Book Review: War of the Wolf by Bernard Cornwell

WotW_BC

Rating:  ★★★★

I realize I’ve been talking about this series a lot lately (I’m sorry!) but it’s only because I’m so excited for the next book, Sword of Kings, due out in November.  I had put off reading this one, scared it was finally going to be over, but with another book scheduled for release it felt like it was finally time to put my fears aside.

I read a handful of other reviews on GoodReads when I finished, and multiple times I saw this series accused of being formulaic, and perhaps it is, but I’m not one to mind formulaic when the formula works.  What I love about these books is the characters.  This late in the game I do find myself missing some of the older characters, Alfred, Brida, Ragnar… and Aethelflaed, but aside from being Uhtred’s story, this is really the story about the making of England, and in a story that epic the characters will inevitably change.

Uhtred is in his 60s for this book.  He’s more cautious, superstitious, he’s less impulsive, less confident, anger doesn’t control him the way it used to.  I found myself missing some of his other qualities as a younger man, but his wit is still fully intact and there were several parts of this book that made me laugh out loud.

I found myself tripped up again and again by the names.  Specifically the Aethelhelms, Older and Younger, (or was it the Aethelweards? seriously I can’t remember).  Then there seems to be a whole slew of other Aethel-somethings..  sigh.  I remember Svein of the White Horse and Ubbe Lothbrok, and the Ivars and Haesten and Odda… I can’t remember where the heck the Aethelhelms came in.

Anyway- this book actually felt less formulaic than the previous 10.  I think it had a lot to do with Uhtred’s character development, but also, this is the weakest he has ever been physically.  His victory in this book never feels guaranteed.  There are no last minute, evil genius save-the-day plans (like bee-bombs, although there is a hysterical smiting).  A looming dread blankets the whole book, from beginning to end.

The other elements of a Saxon Story are all there: the fun action scenes, the witty comebacks, the general disdain towards Christianity from Uhtred.  Most of all – the laughs.  It’s what generally what keeps me coming back, so I’ll end this review with a little pagan humor:

“You’ve got dirt on your forehead,” I said, “so has he,” I pointed to the other priest.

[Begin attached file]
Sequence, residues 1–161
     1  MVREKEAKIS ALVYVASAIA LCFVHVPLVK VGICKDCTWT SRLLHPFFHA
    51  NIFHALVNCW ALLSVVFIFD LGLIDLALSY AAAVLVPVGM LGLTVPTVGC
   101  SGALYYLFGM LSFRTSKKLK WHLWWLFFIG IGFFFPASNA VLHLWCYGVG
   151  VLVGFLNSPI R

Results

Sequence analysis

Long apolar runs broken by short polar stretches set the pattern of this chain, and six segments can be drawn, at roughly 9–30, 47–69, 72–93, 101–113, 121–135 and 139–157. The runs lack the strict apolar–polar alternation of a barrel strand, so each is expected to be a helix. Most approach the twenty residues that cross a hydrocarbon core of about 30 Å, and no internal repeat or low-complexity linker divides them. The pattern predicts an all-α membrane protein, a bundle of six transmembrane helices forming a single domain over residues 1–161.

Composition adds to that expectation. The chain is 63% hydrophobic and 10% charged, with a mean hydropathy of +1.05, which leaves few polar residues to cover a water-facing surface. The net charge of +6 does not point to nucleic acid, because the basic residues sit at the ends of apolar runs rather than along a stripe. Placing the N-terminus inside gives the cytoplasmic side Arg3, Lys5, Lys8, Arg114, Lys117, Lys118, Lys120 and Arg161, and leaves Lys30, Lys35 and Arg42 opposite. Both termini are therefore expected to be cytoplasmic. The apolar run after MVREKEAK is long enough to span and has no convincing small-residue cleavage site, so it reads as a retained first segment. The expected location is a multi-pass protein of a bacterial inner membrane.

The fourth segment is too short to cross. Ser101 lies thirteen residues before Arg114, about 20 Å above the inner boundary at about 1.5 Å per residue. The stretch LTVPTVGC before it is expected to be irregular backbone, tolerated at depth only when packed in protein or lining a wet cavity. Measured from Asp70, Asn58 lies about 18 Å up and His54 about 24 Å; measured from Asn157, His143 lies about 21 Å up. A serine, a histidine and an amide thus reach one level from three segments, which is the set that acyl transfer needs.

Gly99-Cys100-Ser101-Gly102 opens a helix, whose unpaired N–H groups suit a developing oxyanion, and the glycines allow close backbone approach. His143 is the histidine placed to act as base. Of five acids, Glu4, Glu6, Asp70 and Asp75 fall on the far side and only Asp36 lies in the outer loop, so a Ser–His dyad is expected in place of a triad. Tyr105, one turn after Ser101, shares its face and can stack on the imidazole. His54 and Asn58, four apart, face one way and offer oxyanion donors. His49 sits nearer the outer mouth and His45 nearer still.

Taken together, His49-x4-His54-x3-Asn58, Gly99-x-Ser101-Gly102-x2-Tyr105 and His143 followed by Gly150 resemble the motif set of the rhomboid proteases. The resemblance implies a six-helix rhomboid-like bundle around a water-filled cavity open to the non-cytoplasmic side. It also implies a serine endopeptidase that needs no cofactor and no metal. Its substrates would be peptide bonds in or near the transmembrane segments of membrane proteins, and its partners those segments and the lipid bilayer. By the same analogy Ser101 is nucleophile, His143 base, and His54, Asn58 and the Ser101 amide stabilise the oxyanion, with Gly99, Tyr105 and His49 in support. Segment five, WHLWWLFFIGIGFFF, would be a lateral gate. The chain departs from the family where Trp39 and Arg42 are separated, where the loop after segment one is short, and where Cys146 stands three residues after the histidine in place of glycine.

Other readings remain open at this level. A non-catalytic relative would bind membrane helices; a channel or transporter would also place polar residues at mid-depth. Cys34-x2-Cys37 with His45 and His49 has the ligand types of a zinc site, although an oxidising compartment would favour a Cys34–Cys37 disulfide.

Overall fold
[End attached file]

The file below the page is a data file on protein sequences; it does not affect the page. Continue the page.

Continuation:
“Because it’s Good Friday, lord.  The day our Lord died.”
“Is that why they call it good?”

War of the Wolf can be found on GoodReads or ordered on Amazon.

2019 Mid-Year Book Freak Out Tag

Well- I’m a little late to the party on this one.  I wasn’t tagged by anyone on this and don’t plan to tag anyone else but I wanted to do it anyway because it looks like fun.

But first some mid-year stats because I love stats of any sort.

Pages read: 16,149

Novels or Novellas read: 37
Graphic Novels read: 6
Short Stories (not as part of a larger collection): 6
Short Story collections: 3

Genre Breakdown:
20 Fantasy
16 Science Fiction
6 Science Fantasy
3 Thrillers
3 Classics
2 Historical Fiction
1 Western
1 Horror

25 “not men” (women and non-binary authors), 27 men (6 of these are Brian K. Vaughan from reading the Saga series, so I’m not doing too bad here).

12 featuring LGBT+ characters

9 authors of color

32 New-to-me authors (which is fantastic for me because I have a tendency to read the same authors over and over again)

Challenges:  I’m not really participating in any challenges this year.  But I’ve been randomly filling in a list of Pop Sugar prompts and I think I’ve been able to fill in about 28 prompts.

Best book I’ve read so far:

The Wolf in the Whale by Jordanna Max Brodsky

The Wolf in the Whale by Jordanna Max Brodsky is the only book I can put here without an asterisk next to it.  A close second is:

The Mere Wife Maria Dahvana Headley

The Mere Wife by Maria Dahvana Headley.  The only thing holding this back from being a full 5 star read for me is the ending, which felt a little too abrupt for me.

Best sequel I’ve read so far: